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CIA leak case back before grand jury

WASHINGTON -- The CIA leak investigation returned to a more active stage yesterday as a special prosecutor presented information to a grand jury for the first time in six weeks.

Special counsel Patrick J. Fitzgerald's decision to enlist a new grand jury comes as he continues to investigate possible criminal charges against senior White House adviser Karl Rove. Rove faces possible legal consequences for not telling investigators for months that he had provided information about CIA operative Valerie Plame Wilson to Time magazine reporter Matt Cooper in July 2003.

Rove disclosed the conversation only after Cooper was subpoenaed to testify about their discussions, said sources familiar with Rove's account. Rove maintains that he initially forgot about the contact, the sources said.

Yesterday was the first time a grand jury has met to consider the case since Oct. 28, when a previous grand jury indicted I. Lewis ''Scooter" Libby, Vice President Dick Cheney's chief of staff. Fitzgerald, who arrived with four deputies, an FBI agent, and boxes of files, declined to comment on the three-hour session as he left the courthouse. No witnesses were seen entering the grand jury room.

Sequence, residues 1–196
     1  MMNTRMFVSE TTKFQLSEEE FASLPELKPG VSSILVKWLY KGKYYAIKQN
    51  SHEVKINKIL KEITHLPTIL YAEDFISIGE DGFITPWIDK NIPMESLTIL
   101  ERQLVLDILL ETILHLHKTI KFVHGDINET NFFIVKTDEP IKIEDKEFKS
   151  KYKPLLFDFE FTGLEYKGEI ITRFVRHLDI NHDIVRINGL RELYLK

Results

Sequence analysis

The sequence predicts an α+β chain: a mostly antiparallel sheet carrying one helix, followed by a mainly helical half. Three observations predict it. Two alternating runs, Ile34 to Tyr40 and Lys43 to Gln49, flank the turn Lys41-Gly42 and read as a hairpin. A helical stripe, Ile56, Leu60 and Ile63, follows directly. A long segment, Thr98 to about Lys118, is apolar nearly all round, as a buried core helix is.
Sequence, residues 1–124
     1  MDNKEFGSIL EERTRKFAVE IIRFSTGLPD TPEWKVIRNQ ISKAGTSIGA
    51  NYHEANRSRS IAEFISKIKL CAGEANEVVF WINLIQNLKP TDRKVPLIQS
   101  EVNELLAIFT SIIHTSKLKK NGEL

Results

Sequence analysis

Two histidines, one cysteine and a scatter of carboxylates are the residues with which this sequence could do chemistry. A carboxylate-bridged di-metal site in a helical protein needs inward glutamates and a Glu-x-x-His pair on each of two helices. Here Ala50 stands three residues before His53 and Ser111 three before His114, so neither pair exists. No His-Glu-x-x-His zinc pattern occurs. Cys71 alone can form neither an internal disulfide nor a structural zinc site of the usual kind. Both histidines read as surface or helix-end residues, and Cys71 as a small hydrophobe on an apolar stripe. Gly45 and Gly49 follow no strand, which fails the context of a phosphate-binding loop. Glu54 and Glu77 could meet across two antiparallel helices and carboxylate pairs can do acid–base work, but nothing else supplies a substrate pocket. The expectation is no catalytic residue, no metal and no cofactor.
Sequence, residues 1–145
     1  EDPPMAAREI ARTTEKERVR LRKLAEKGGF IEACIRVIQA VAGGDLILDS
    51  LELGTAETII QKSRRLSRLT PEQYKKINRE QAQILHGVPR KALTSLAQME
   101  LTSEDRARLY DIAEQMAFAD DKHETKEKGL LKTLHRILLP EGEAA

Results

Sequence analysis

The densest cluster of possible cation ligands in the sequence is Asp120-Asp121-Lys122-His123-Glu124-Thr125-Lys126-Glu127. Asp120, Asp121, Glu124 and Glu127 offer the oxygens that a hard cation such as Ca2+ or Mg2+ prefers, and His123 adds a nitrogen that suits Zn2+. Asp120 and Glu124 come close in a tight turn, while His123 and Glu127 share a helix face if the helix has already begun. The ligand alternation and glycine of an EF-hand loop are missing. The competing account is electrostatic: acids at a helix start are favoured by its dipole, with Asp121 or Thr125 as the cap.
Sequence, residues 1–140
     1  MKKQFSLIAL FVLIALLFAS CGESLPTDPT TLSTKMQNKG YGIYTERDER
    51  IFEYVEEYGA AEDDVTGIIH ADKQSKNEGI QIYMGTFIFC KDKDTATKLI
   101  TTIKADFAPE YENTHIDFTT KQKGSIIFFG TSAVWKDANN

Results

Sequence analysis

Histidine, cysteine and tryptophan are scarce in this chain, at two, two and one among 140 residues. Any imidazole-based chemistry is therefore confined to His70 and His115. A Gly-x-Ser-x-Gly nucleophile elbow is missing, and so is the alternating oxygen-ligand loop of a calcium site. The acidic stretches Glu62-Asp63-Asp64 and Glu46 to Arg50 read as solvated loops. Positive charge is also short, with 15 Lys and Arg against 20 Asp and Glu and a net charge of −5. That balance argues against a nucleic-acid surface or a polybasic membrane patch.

But several legal specialists and sources involved in the case said Fitzgerald was probably providing the new grand jury with a primer on what has been learned in the investigation and what remains unresolved. They said the prosecutor's move could spell trouble for Rove, or for other people enmeshed in more recent developments in the case.

Fitzgerald has spent two years investigating whether White House officials knowingly disclosed Wilson's identity and undercover status in 2003 to discredit allegations made by her husband, former ambassador Joseph C. Wilson, that the Bush administration twisted intelligence in the run-up to the Iraq war.

The term of the previous grand jury expired on the day it indicted Libby on five felony counts of lying, perjury, and obstruction of justice. Fitzgerald said then that he would continue to look into lingering issues, and he privately told Rove's lawyer that Rove remained under investigation.

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